CARSON CITY -- Gov. Jim Gibbons brought to the table two ideas for generating $80 million in new revenue when he called on Tuesday a Feb. 23 special session of the Legislature to deal with an $887 million shortfall.
The governor proposed increasing revenues from the mining industry by $50 million and allowing a Chicago company to launch a camera-based auto insurance and registration verification program that would net the state $30 million.
By forcing most state employees to work four-day workweeks at 10 hours a day and take a 10-hour unpaid furlough day per month, laying off 227 workers and cutting spending statewide by 10 percent, Gibbons hopes to keep state government operating until the end of the fiscal year: June 30, 2011.
But it wasn't enough for Senate Majority Leader Steven Horsford, D-Las Vegas, who condemned the governor's proclamation proposals as "irresponsible, mean-spirited and calculated to win re-election." He said the proposals would cut public school spending by more than $200 million, which he called unacceptable.
"We have a week to go before the special session, and the cuts to education would have a net effect of laying off thousands of teachers," Horsford said.
He said that the $50 million in additional mining taxes is not enough and that the insurance verification program is one that his staff testified against during the 2009 Legislature.
"No other state has implemented it," Horsford said. "Why does he want to take on such a risky scheme?"
Gibbons expressed confidence earlier Tuesday that he and legislators could reach agreement quickly on the spending reductions. He offered unusual praise to legislators although his relationship with them has been strained for most of his first three years in office.
"I want to give great credit to legislators," Gibbons said. "We are all in this together. These are tough times, but we will get through this together."
But such harsh criticism by the majority leader, who has been the go-to guy for lawmakers, is an indication that the special session could be a contentious one that lasts longer than the two days initially envisioned by the governor.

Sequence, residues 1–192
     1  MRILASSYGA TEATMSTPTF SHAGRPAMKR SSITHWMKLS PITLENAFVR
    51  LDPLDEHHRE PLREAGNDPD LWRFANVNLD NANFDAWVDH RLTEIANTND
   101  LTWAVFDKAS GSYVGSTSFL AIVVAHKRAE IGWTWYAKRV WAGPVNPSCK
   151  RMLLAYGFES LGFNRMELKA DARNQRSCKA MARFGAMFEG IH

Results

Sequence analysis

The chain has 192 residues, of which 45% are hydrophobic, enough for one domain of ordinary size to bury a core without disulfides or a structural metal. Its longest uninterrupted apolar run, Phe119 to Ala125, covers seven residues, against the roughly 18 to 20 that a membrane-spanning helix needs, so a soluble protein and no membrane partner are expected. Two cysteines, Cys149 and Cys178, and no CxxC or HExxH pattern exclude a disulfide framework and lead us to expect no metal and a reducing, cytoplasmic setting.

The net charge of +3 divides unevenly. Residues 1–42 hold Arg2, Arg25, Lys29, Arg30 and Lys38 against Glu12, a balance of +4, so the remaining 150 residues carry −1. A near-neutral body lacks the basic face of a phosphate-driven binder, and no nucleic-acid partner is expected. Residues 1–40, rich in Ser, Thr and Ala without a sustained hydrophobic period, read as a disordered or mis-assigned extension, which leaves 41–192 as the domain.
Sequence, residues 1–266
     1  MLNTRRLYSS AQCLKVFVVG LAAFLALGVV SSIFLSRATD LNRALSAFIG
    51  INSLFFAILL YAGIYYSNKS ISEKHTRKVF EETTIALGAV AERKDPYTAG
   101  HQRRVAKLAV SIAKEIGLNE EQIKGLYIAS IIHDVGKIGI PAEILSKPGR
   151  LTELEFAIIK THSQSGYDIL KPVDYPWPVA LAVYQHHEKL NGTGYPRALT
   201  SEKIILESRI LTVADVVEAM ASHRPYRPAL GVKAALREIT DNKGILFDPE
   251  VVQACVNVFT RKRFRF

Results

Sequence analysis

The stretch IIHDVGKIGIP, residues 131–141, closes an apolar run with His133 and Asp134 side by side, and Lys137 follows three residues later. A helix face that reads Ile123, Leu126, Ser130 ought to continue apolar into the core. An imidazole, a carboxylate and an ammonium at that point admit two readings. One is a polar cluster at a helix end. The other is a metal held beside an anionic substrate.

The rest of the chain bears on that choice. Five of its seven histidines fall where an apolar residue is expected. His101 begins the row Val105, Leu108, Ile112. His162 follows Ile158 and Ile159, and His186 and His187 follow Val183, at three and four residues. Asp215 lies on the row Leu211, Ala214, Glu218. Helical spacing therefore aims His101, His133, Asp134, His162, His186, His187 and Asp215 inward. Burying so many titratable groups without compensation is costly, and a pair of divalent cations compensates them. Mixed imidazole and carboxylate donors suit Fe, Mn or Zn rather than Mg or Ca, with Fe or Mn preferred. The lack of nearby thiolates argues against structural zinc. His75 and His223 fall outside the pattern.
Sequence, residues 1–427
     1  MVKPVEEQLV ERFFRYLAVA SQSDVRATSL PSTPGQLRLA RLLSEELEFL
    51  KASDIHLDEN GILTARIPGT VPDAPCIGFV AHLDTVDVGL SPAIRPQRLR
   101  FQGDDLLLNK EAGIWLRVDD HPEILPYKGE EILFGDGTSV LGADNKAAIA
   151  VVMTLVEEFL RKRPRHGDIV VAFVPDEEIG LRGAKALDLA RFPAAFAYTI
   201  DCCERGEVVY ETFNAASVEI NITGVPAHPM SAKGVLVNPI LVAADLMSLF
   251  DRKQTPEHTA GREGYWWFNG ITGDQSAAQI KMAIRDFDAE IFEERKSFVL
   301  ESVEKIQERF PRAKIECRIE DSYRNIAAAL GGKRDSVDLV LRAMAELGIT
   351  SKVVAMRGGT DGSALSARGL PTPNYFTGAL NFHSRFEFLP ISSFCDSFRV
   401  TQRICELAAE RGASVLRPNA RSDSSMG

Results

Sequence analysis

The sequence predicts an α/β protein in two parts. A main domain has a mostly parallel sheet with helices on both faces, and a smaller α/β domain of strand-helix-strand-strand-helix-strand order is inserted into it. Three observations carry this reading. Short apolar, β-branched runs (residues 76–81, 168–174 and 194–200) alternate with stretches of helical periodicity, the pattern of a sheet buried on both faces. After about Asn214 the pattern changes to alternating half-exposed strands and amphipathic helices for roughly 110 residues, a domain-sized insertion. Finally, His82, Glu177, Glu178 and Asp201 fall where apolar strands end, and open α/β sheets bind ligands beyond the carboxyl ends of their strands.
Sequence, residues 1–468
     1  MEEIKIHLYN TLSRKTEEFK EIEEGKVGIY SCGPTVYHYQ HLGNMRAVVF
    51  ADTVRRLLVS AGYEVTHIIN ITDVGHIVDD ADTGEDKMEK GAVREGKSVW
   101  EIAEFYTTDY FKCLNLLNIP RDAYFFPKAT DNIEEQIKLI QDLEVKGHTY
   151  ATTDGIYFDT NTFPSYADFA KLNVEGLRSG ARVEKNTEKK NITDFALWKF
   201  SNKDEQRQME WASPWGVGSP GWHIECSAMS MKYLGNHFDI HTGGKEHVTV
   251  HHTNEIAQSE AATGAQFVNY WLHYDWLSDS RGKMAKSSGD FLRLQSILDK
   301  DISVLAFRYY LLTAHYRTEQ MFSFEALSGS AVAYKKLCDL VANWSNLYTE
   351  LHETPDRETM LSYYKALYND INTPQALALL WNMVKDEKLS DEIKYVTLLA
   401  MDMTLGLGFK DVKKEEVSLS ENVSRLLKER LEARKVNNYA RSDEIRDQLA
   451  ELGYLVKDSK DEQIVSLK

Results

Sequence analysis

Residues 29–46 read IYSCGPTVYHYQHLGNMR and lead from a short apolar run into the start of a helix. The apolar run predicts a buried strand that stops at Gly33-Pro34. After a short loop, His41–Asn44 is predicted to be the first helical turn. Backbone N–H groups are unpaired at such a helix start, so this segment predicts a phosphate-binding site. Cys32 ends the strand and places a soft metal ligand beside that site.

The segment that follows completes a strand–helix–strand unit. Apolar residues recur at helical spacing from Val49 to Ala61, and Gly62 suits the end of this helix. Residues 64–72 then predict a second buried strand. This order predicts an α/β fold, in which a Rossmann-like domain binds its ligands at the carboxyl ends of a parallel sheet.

The additional revenue from the mining industry would not come from a new tax but instead by limiting deductions the companies can take before computing their existing taxes, Gibbons said.
He said he was not breaking his no-new-taxes promise, made repeatedly throughout his term as governor and more recently in the run-up to the special session.
"These are not new taxes," Gibbons said, but "simply clarifying the deductions they are allowed to take."
Tim Crowley, president of the Nevada Mining Association, called the governor's proposal flawed.
"We hadn't discussed it with anybody," he said. "I do think as the Legislature and the governor look at the deductions they are taking from our industry, they'll realize that by doing so they'll be including operating expenses in the calculation of our property values."
Robin Reedy, Gibbons' chief of staff, said the Chicago company, InsureNet, guaranteed Nevada $30 million if it implements its system of photographing license plates and determining whether vehicles are insured and properly registered.
Twenty-two percent of Nevada motorists drive without insurance, she said. The state collects a $250 fine from owners of uninsured vehicles and a $500 fine from each vehicle owner who does not have a valid registration.
A spokesman for InsureNet said the company plans to open an office in Nevada and hire only Nevada residents. Any information collected by the company would go into a national law enforcement computer network, and the company itself would not retain the information.
Currently, InsureNet is not operating its insurance verification system in any state. The company now verifies whether people have medical insurance.
Tom Jacobs, a Department of Motor Vehicles spokesman, said his agency currently conducts insurance verification checks, but there has been a lag time between when a motorist drops insurance and when that company notifies the DMV.
In the next few weeks, the agency will launch the Nevada Live system, which in most cases will allow it to immediately determine whether a vehicle is insured, he said.
Jacobs said he did not know why the governor wants to use a private company to verify insurance just as the DMV is about to start its improved system.
In past sessions, legislators have rejected moves to install cameras to detect speeders and red light violators.
Gibbons insisted the privacy rights of residents would be preserved through the InsureNet system.
According to the governor and his staff, about $12 million in savings would come from implementing the four-day workweeks in most agencies.